Startup Scripts

On startup, jEdit runs any BeanShell scripts located in the startup subdirectory of the jEdit installation and user settings directories (see the section called “The jEdit Settings Directory”). As with macros, the scripts must have a .bsh file name extension. Startup scripts are run near the end of the startup sequence, after plugins, properties and such have been initialized, but before the first view is opened.

Startup scripts can perform initialization tasks that cannot be handled by command line options or ordinary configuration options, such as customizing jEdit's user interface by changing entries in the Java platform's UIManager class.

Startup scripts have an additional feature lacking in ordinary macros that can help you further customize jEdit. Variables and methods defined in a startup script are available in all instances of the BeanShell interpreter created in jEdit. This allows you to create a personal library of methods and objects that can be accessed at any time during the editing session in another macro, the BeanShell shell of the Console plugin, or menu items such as Utilities>BeanShell>Evaluate BeanShell Expression.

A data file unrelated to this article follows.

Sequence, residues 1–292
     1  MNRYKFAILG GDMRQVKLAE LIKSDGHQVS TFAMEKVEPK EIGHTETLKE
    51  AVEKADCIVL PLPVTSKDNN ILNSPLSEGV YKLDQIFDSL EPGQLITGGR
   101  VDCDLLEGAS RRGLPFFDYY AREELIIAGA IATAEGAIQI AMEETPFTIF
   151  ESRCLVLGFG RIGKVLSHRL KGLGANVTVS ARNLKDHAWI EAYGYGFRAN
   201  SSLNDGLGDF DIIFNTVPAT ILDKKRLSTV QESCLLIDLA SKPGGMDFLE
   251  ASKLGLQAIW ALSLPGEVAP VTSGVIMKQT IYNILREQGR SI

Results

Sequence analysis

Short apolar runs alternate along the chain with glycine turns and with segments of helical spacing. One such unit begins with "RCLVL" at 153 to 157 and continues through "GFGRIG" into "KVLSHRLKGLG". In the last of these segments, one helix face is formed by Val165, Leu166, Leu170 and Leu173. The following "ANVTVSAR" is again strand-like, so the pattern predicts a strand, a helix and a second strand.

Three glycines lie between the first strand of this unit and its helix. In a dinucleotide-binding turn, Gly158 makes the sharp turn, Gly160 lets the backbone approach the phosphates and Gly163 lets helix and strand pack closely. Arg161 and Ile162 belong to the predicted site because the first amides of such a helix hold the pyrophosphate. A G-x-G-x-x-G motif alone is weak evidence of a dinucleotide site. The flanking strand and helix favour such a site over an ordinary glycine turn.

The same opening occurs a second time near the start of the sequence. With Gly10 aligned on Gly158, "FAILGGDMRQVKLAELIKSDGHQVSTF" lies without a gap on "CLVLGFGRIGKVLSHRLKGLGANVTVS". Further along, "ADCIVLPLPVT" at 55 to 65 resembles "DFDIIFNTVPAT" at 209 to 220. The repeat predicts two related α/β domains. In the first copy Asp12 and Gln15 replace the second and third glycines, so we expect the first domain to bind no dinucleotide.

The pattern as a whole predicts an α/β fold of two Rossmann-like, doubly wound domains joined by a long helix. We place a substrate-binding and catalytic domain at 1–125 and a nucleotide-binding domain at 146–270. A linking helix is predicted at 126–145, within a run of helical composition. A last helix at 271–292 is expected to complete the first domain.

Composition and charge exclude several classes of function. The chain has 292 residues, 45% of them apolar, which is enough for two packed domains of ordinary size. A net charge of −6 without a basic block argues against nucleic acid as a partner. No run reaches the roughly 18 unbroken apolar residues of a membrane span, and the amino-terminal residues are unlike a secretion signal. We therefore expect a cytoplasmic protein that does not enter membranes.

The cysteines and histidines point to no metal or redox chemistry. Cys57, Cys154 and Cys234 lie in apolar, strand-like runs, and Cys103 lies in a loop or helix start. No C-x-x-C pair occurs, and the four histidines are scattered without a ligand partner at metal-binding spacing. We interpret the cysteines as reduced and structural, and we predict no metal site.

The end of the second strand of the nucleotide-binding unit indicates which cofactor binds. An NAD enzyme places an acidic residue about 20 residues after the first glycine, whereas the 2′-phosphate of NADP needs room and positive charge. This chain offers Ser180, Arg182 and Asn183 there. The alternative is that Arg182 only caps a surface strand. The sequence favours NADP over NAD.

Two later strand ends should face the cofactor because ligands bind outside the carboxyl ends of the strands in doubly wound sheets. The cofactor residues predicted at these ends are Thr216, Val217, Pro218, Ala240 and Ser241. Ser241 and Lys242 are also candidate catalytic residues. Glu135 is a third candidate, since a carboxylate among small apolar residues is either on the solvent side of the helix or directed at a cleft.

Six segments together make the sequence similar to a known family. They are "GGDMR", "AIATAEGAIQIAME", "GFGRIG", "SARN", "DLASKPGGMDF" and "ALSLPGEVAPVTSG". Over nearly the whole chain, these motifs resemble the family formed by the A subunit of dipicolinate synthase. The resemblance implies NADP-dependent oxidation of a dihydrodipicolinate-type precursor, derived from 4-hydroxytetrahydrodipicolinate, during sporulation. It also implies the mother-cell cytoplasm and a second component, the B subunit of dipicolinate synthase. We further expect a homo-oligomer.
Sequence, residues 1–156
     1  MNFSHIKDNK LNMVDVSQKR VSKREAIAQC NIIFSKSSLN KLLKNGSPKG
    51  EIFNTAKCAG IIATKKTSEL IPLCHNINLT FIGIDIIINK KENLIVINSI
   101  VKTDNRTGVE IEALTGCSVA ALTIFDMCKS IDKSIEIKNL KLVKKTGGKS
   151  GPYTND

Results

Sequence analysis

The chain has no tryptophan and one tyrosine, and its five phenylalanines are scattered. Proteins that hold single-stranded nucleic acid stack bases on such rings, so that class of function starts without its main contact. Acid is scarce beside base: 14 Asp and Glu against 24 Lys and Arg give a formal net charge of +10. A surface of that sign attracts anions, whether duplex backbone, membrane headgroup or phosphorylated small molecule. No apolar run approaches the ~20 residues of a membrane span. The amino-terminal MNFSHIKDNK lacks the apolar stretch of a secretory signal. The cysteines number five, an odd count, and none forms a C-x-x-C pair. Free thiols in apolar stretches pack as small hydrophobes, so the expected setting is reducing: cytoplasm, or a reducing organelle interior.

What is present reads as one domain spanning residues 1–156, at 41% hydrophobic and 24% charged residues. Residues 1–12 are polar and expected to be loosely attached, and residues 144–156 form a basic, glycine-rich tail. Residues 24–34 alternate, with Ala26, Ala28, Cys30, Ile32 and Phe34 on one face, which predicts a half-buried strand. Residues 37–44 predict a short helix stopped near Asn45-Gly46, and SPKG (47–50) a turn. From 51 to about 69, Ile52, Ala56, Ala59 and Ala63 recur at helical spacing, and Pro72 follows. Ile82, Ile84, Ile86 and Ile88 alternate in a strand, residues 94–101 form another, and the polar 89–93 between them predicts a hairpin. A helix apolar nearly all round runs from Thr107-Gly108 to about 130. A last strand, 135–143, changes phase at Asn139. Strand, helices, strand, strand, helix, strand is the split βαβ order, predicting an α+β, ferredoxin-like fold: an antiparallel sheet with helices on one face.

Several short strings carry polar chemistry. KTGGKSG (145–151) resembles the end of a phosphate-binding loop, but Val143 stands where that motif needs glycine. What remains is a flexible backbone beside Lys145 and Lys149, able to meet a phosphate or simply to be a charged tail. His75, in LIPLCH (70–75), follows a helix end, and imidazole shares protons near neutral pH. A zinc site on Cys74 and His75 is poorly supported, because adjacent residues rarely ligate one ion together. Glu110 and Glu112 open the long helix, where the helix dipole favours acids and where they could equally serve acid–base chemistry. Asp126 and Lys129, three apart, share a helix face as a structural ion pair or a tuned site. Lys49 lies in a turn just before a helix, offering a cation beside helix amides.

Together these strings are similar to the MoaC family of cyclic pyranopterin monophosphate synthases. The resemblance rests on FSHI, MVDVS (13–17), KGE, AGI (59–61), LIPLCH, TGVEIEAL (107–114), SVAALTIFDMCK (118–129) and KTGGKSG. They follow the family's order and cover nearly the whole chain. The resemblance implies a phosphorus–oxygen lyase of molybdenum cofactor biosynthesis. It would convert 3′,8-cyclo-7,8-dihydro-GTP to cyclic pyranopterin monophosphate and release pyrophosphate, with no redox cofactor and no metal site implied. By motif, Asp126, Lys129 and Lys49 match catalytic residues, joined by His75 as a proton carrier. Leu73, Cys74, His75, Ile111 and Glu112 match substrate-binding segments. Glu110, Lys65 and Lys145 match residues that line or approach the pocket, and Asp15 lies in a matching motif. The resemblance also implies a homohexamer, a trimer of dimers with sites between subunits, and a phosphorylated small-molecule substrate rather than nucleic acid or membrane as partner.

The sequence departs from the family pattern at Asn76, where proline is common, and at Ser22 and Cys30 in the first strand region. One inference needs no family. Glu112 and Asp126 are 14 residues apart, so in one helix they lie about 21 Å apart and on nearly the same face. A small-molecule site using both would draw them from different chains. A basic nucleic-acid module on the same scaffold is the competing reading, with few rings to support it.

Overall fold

The startup script routine will run script files in the installation directory first, followed by scripts in the user settings directory. In each case, scripts will be executed in alphabetical order, applied without regard to whether the file name contains upper or lower case characters.

If a startup script throws an exception (because, for example, it attempts to call a method on a null object). jEdit will show an error dialog box and move on to the next startup script. If script bugs are causing jEdit to crash or hang on startup, you can use the -nostartupscripts command line option to disable them for that editing session.

Another important difference between startup scripts and ordinary macros is that startup scripts cannot use the pre-defined variables view, textArea, editPane and buffer. This is because they are executed before the initial view is created.

If you are writing a method in a startup script and wish to use one of the above variables, pass parameters of the appropriate type to the method, so that a macro calling them after startup can supply the appropriate values. For example, a startup script could include a method

void doSomethingWithView(View v, String s)  {

so that during the editing session another macro can call the method using

doSomethingWithView(view, "something");